Peter Greer takes a hard look at the motives of the leader.

The vast majority of social entrepreneurs begin their journey of service and mission with the best of intentions. Peter Greer, CEO of microfinance development organization Hope International and Praxis Venture Partner, discovered that despite all the care he took to guard his heart and practices against selfish motives, he was prone to "self-centered service."

In this talk, Peter contrasts the marks of self-centered service with the marks of true service for the sake of others. 



Questions

 

1. Regarding the Gallup poll question "Do you think you're important?": what is your deep-down, default answer? In what ways is your answer affirmed by the gospel, and where is it confronted?

Perhaps the most important follow-up questions are "Important to whom?" and "Important for what?"

As it relates to our importance to God, help each participant see that the gospel confronts and affirms any human self-image. As Tim Keller says, "We are more flawed and sinful than we ever dared believe, yet we are more loved and accepted than we ever dared hope ... We are so bad that he had to die for us, but so loved that he was glad to die for us."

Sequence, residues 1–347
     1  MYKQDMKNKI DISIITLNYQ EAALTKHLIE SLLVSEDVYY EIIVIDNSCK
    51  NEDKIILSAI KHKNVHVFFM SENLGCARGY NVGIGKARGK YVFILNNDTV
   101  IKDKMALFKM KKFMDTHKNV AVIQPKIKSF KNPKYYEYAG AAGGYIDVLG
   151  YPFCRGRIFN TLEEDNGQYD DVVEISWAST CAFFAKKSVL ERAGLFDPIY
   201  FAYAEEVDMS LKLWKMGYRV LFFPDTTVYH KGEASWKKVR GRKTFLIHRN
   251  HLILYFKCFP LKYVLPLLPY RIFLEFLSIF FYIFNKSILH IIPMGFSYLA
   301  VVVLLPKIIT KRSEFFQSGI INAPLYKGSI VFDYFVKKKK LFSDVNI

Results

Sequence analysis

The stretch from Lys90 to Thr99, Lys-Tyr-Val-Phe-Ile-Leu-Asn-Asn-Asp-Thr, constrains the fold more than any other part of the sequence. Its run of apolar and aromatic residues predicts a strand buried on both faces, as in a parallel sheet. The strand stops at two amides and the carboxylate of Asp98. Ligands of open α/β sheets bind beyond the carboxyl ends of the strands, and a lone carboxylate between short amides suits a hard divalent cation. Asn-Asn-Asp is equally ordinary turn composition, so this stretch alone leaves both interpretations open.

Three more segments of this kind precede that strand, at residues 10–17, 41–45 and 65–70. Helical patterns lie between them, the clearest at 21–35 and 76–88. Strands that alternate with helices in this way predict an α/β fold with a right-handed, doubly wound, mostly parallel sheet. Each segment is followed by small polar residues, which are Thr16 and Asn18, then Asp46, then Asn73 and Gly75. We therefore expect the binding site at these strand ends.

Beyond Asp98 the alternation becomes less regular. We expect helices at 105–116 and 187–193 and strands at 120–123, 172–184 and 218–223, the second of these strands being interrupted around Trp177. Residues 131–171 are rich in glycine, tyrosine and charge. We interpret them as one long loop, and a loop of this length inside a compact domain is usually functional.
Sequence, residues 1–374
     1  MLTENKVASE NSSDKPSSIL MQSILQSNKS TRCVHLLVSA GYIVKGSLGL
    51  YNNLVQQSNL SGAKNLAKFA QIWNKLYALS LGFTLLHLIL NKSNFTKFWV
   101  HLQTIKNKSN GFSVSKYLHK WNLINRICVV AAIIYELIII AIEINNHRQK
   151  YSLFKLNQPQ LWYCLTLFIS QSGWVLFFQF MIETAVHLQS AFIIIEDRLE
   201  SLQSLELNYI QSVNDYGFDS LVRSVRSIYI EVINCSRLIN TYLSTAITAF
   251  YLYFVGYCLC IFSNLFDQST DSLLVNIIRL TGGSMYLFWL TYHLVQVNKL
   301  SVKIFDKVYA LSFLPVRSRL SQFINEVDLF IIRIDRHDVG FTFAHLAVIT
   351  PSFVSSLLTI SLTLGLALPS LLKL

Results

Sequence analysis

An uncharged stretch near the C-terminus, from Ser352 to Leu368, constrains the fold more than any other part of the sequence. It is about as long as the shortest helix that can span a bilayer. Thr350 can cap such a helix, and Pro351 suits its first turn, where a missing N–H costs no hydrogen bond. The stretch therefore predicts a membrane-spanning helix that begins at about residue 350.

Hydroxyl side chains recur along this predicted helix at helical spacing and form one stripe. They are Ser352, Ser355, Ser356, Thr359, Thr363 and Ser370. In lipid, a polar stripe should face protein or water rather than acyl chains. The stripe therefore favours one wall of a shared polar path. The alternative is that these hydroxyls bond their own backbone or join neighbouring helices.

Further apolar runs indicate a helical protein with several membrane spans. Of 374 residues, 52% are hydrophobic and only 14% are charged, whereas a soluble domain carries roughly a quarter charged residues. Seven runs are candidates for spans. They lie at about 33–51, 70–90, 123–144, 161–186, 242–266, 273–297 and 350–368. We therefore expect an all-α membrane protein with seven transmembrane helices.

The gospel also speaks to our equal importance and value in the kingdom of God and the body of Christ, whether our public stature is prominent or modest. 

 

2. What is one strength and one vulnerability for your future as a leader that is revealed by your answer to question 1?

Gently press participants to go beyond answers that may be biblically correct but are shallow and generic; model and encourage using specific examples to make each person's answer specific and unique.

 

3. Which expression or practice of self-centered service (undermining impact; undermining family; undermining ourselves) are you most prone to?

Reminders from Peter's talk:

  • Undermining impact: over-exuberance; over-replication; patronizing assumptions
  • Undermining family: "leftovers"; projected performance
  • Undermining ourselves: under-appreciated; karma; overwhelmed
 

4. Which entrepreneurs or leaders have effectively modeled the practices and boundaries of true service that Peter discusses?

 

5. What practice of true service are you already strong in? What practice of true service would be most powerful for you to adopt, and what would it take to change? 

5. What practice of true service are you already strong in? What practice of true service would be most powerful for you to adopt, and what would it take to change?

Reminders from Peter's talk:

  • Strengthening impact: fanatical delegation; partnership as default; success timeline
  • Strengthening families: resignation; guardrails; monitoring & evaluation
  • Strengthening ourselves: no invincibility; prophetic critique 

Additional Readings

Amy Sherman, Kingdom Calling: Vocational Stewardship for the Common Good, Ch 2: What Do the Righteous Look Like? (p 45-63)

Amy Sherman, Kingdom Calling: Vocational Stewardship for the Common Good, Ch 3: Why We Aren't the Tsaddiqim (p 64-76)


Fill out my online form.